Monday, 17 September 2012

Say 'I Love You' Now Before It's Too Late

Say 'I Love You' Now Before It's Too Late

By Dr. Benna Sherman

"If one were given five minutes warning before sudden death, five minutes to say what it had all meant to us, every telephone booth would be occupied by people trying to call up other people to stammer that they loved them." - Christopher Morley, 1890-1957

Although the quote is a bit dated ("telephone booth"), the sentiment is, I believe, timeless. We've seen the evidence. For example, before that 9/11 plane was crashed into a field, when people really did know that they were likely to die, passengers with cell phones were calling loved ones all over the country.

Mostly, and fortunately, we are not going to experience sudden death.

Mostly, and unfortunately, we are also not typically in the habit of routinely expressing our love for the people about whom we care the most.

Here are five reminders of when to say, "I love you".

1. The most obvious one - in times of extreme danger or terminal illness. Basically, this is the one where you're running out of time to do and say the important things. This is the case where you do it now or lose the chance to do it ever. In this kind of situation you know with confidence or certainty that you will not have another opportunity. Reticence, shyness, inhibition, or habit need to give way to the reality of limited time.

2. When you are about to part for a lengthy separation -- Your last words to your loved one before a long time apart will carry the weight, in his or her thoughts, of the recency effect. Memory most accurately and vividly retains the last thing heard. The last words that you say before you part are the words that will be the most memorable by your loved one. Do you really want those last words to be something like, "Don't forget to mow the grass"? Or would you prefer your partner be able to carry the warmth and assurance of words of love and caring, like, "I love you" or "I'll miss you"?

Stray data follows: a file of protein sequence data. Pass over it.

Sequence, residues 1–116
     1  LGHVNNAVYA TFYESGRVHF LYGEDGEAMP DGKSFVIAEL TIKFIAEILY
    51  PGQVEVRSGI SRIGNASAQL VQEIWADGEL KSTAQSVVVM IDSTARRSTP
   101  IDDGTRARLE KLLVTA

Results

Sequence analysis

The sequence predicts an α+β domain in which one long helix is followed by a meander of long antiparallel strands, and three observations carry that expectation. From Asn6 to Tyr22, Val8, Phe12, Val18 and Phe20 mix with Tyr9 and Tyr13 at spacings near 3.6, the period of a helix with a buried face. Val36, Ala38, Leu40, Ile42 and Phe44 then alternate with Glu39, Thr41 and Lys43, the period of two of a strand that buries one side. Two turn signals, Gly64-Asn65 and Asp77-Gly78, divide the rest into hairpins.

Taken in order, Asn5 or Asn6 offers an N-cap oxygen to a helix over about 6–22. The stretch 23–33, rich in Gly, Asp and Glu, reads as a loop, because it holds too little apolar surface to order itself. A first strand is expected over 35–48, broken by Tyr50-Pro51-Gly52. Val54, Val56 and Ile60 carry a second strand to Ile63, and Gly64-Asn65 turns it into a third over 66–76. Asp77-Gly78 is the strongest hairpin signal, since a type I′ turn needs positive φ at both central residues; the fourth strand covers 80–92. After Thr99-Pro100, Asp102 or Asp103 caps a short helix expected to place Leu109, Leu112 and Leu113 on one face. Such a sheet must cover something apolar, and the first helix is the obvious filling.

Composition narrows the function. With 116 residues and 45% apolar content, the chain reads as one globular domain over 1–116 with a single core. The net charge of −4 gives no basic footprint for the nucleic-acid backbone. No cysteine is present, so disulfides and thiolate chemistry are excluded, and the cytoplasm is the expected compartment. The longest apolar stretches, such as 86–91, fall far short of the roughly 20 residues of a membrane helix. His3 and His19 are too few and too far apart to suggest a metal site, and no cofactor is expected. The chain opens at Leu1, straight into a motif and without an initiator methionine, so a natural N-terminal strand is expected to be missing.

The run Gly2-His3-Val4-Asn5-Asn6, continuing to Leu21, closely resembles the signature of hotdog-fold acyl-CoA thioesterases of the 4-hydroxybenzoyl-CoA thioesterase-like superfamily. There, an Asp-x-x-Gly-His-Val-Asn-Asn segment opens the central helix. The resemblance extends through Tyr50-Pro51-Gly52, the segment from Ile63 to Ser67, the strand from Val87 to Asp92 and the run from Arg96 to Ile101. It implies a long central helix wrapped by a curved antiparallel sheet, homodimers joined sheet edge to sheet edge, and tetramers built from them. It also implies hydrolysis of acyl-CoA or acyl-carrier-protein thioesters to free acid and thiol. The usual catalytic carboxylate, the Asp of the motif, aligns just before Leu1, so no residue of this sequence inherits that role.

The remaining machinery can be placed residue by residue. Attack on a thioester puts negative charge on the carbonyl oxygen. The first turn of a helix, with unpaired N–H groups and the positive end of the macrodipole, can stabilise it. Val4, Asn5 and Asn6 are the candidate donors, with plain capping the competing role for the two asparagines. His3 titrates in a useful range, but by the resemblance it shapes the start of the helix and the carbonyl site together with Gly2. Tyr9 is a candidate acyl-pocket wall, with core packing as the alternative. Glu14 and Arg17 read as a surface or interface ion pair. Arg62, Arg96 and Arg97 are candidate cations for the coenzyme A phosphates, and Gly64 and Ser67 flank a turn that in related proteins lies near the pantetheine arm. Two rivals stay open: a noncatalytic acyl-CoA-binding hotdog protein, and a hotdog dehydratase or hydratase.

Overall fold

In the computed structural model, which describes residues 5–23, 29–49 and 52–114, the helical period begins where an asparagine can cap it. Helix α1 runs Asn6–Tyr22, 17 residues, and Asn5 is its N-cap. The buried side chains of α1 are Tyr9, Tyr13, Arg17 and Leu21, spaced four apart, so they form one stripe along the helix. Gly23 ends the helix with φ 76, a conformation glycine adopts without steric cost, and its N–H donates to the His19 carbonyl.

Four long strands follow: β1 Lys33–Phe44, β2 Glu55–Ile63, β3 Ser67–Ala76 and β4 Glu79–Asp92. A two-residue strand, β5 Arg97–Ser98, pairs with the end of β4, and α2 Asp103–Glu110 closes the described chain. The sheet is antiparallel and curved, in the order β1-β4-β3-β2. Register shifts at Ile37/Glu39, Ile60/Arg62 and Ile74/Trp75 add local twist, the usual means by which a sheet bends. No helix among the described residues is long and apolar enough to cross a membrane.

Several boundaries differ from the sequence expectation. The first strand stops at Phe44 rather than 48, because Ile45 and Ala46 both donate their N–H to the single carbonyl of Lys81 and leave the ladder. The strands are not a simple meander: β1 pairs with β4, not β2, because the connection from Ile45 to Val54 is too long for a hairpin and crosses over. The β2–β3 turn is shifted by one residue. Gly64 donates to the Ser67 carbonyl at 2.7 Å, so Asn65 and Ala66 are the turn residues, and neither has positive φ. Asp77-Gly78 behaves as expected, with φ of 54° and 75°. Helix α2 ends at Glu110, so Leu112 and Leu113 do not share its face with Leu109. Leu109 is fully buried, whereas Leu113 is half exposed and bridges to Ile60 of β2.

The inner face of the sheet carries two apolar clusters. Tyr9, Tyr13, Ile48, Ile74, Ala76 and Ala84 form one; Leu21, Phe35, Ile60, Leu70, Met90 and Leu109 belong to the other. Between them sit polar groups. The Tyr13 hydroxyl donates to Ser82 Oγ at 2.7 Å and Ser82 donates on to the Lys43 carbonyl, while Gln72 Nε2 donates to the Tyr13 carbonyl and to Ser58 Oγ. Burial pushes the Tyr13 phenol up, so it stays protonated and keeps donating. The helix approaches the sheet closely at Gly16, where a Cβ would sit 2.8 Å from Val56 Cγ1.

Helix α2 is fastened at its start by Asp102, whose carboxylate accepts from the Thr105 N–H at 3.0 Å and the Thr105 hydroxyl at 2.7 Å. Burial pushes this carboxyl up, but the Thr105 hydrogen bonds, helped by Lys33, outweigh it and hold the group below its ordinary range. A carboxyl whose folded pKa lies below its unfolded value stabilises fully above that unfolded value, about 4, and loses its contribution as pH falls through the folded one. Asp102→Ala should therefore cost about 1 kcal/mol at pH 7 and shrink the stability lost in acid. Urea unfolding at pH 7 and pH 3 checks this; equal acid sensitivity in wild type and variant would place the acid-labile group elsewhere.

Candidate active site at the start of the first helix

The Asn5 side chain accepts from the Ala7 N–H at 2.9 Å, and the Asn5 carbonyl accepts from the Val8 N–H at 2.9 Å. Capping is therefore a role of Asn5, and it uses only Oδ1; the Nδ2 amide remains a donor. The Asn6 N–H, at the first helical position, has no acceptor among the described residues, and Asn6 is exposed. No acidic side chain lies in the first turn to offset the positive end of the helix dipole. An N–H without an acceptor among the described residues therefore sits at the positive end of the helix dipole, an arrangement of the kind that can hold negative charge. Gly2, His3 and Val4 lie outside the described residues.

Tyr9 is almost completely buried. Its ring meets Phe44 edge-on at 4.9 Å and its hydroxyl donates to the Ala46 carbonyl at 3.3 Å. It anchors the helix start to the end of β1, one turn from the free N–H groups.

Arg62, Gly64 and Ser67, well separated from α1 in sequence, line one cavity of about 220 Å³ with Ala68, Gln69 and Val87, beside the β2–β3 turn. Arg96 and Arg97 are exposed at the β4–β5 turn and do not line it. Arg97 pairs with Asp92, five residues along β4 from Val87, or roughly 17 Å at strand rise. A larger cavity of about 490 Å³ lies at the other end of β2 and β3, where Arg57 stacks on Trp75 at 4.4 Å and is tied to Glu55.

3. When a loved one's anxiety is high or their confidence is low - You may not be able to ensure a successful or benign outcome, but expressions of love and caring at such times can help to balance the discomfort, pain, or fear of the circumstances. Those expressions of love and caring act as a protective shield or comforting balm that provides comfort and security even when you can't protect your loved one from some unpleasant reality. Hearing that you're loved won't necessarily make bad outcomes okay, but it always makes them better.

4. When you wake up in the morning - every day is improved, both for the sender and for the receiver, when it begins with an expression of love. It is so easy to focus first on the demands and stressors of the day ahead. It fundamentally realigns your thinking and your feelings when you intentionally start your day with a connection to and an expression of love. Choose to start your day with love.

5. When you go to bed at night - whatever else may have happened during the day, if you ended your day with someone to love you're a fortunate person. We know that gratitude is directly related to happiness and well-being. What is more valuable for which to be grateful than having someone in your life whom you love? For many people going to bed is the time when they review the events of the day past or prepare for the events of the day to come. While that kind of housekeeping may be useful, it does nothing to bring you closer to your loved one. Make your last acts of the day the expression of and gratitude for love.

Oh, and by the way, any other additional time is good too. Don't wait for imminent catastrophe. As Nike says, "Just do it."

Dr. Benna Sherman has been a Licensed Psychologist in private practice in Severna Park, Maryland, for over 20 years. She has a specialty in Marriage/Relationship Counseling and writes a biweekly newspaper column on relationships. Her book, "How to Get and Give Love - Relationship Maps", is now available on in both paperback and Kindle.

Learn more about Dr. Sherman, subscribe to her free newsletter, and read more of her articles at

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